Last week our annual Linux Graphics Survey ended. There were over 14,000 submissions this year to the eleven questions we asked pertaining to X.Org, Linux desktop usage, and graphics hardware. In this article are all of the results from this year's survey.
The first question we had asked were which of the listed X.Org areas are you most interested in as an end-user.
By far the area that most users are interested in is kernel mode-setting. For those who have yet to familiarize themselves with kernel mode-setting, it involves moving all of the mode-setting handling from the X.Org DDX driver and into the Linux kernel. The benefits of this include a flicker-free boot process since the GPU only needs to set its mode once, fast VT switching, the possibility of having graphical failure messages (think the Windows Blue Screen of Death on Windows), and ultimately should lead to a more robust environment.
Kernel-based mode-setting isn't even entering the mainline kernel until Linux 2.6.29 but it has been shipping as a preview feature in Fedora for a while (A Preview of KMS). Red Hat has already developed Plymouth, which is a replacement for the Red Hat Graphical Boot (RHGB) program that relies upon kernel mode-setting for providing a pleasant boot experience with a number of other advantages too. Another project coming about is Wayland, which also leverages kernel mode-setting to provide a mini display server with an integrated compositing manager.
Kernel mode-setting should really start to come into play next year when it enters the mainline Linux kernel and begins appearing in other distributions as a stable feature. There are already plans for Ubuntu 9.10 to adopt Plymouth. In the Linux 2.6.29 kernel there will be KMS support for Intel graphics while the ATI KMS support will go mainline later on. The Nouveau KMS support is still in development and the binary-only X.Org graphics drivers currently aren't able to take advantage of this technology.
Following KMS, the second area with the most interest is seeing video improvements to X.Org and then DRI2 in a close third. When it comes to video playback improvements, the leading open-source solution right now is through XvMC, or X-Video Motion Compensation. XvMC though is of limited use these days and is not supported by all X.Org drivers. At this time XvMC only is able to offload MPEG-2 decoding to the GPU, but there has been talk of extending XvMC though that yet hasn't amounted to anything. Intel has also been behind the VA-API (Video Acceleration API), but that too has appeared stagnant.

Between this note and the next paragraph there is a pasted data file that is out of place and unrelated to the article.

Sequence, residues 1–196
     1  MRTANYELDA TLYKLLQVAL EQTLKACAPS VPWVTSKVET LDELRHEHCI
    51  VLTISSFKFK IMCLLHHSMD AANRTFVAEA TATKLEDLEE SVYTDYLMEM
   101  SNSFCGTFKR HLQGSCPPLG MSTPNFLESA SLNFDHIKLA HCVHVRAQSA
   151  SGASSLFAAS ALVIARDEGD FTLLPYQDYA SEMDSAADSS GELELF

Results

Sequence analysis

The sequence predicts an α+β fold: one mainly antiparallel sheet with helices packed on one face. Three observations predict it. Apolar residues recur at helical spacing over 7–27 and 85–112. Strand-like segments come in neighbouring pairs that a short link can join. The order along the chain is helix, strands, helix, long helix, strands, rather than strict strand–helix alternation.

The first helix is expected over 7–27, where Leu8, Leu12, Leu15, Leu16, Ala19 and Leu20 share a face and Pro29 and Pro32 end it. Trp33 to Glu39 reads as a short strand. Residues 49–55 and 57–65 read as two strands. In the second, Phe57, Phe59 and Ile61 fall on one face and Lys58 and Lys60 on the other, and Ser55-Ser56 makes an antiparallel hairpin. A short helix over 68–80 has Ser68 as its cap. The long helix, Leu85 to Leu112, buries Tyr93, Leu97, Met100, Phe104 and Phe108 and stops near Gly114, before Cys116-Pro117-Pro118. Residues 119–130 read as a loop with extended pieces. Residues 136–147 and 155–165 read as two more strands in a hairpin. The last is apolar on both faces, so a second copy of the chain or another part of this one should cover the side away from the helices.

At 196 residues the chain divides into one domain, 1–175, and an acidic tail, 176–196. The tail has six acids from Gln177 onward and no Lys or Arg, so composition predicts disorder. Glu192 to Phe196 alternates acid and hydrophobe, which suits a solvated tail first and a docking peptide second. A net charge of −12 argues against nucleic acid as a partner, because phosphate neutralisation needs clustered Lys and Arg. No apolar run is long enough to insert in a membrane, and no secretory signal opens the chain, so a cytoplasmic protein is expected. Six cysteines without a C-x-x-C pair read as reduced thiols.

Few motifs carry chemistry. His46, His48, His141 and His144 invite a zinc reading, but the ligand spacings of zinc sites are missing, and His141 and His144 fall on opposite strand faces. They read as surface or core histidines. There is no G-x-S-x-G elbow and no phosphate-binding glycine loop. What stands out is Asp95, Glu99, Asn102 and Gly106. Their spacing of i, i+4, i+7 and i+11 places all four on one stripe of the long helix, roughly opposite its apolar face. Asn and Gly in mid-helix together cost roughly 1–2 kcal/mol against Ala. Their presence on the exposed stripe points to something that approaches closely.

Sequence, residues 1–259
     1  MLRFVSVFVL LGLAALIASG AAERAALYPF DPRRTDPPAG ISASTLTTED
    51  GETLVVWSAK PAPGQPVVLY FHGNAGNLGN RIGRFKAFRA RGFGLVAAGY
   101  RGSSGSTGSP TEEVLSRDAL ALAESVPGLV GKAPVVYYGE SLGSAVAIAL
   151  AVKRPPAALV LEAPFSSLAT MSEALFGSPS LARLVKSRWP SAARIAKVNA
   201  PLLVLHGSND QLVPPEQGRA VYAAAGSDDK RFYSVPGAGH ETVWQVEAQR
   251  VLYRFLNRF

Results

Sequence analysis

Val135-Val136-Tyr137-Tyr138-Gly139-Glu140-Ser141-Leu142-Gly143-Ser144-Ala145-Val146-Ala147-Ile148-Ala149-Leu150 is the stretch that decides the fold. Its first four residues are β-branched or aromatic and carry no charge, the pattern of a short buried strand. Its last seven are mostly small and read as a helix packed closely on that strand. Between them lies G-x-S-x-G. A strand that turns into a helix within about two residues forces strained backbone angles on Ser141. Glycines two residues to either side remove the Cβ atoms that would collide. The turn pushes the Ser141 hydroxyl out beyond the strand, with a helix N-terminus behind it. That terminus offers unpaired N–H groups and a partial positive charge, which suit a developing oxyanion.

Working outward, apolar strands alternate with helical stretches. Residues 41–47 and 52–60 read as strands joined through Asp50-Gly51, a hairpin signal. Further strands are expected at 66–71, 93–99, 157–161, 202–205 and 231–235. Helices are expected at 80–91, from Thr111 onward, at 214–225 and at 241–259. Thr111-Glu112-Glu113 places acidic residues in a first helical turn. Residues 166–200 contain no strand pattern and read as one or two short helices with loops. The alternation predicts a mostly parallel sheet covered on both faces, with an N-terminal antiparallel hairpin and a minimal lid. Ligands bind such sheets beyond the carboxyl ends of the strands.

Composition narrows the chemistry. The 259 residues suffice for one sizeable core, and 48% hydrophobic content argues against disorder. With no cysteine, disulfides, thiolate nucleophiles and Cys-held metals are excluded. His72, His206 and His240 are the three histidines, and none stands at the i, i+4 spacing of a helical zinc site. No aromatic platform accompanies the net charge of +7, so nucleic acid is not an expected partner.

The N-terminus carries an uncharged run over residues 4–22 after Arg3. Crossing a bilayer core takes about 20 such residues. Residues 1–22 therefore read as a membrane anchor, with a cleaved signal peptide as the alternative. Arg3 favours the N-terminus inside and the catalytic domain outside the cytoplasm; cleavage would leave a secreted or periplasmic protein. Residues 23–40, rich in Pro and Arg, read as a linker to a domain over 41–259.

The closed-source X.Org drivers have really been leading the pact when it comes to video playback acceleration with the recently introduced VDPAU (Video Decode and Presentation API for Unix) by NVIDIA and the XvBA (X-Video Bitstream Acceleration) that soon will be introduced by AMD in their Linux driver. VDPAU is a poster-child for great GPU video decoding with its support for H.264, WMV3, MPEG-2, and VC-1 formats and support for decoding, post-processing, compositing, and displaying compressed/uncompressed video streams. With a $20 CPU and $30 GPU we were even able to play HD videos on Linux with VDPAU while compiling the Linux kernel simultaneously.
At just over 20% interest, the Direct Rendering Infrastructure 2 with respondents. The design of DRI2 was hashed out at the X.Org Developers' Summit in 2007 and was close to being introduced in early 2008. DRI2 was made available in March of 2008 and was slated for introduction with X Server 1.5 / X.Org 7.4, but an invasive redesign to DRI2 caused the support to be dropped. DRI2 went through more revisions (one and two) and finally is being officially introduced with X Server 1.6 next month. DRI2 Direct Rendering is popular with users as it completes the puzzle in being able to have direct rendering to redirected windows in a composited environment.
Generating less interest among users was Gallium3D, Multi-Pointer X, and X Input 2. Gallium3D is the new 3D graphics architecture being developed by Tungsten Graphics (now owned by VMware) and Multi-Pointer X is the technology that allows for multiple input devices (such as having many keyboard and mice attached to one X Server) that is now postponed for introduction until X Server 1.7.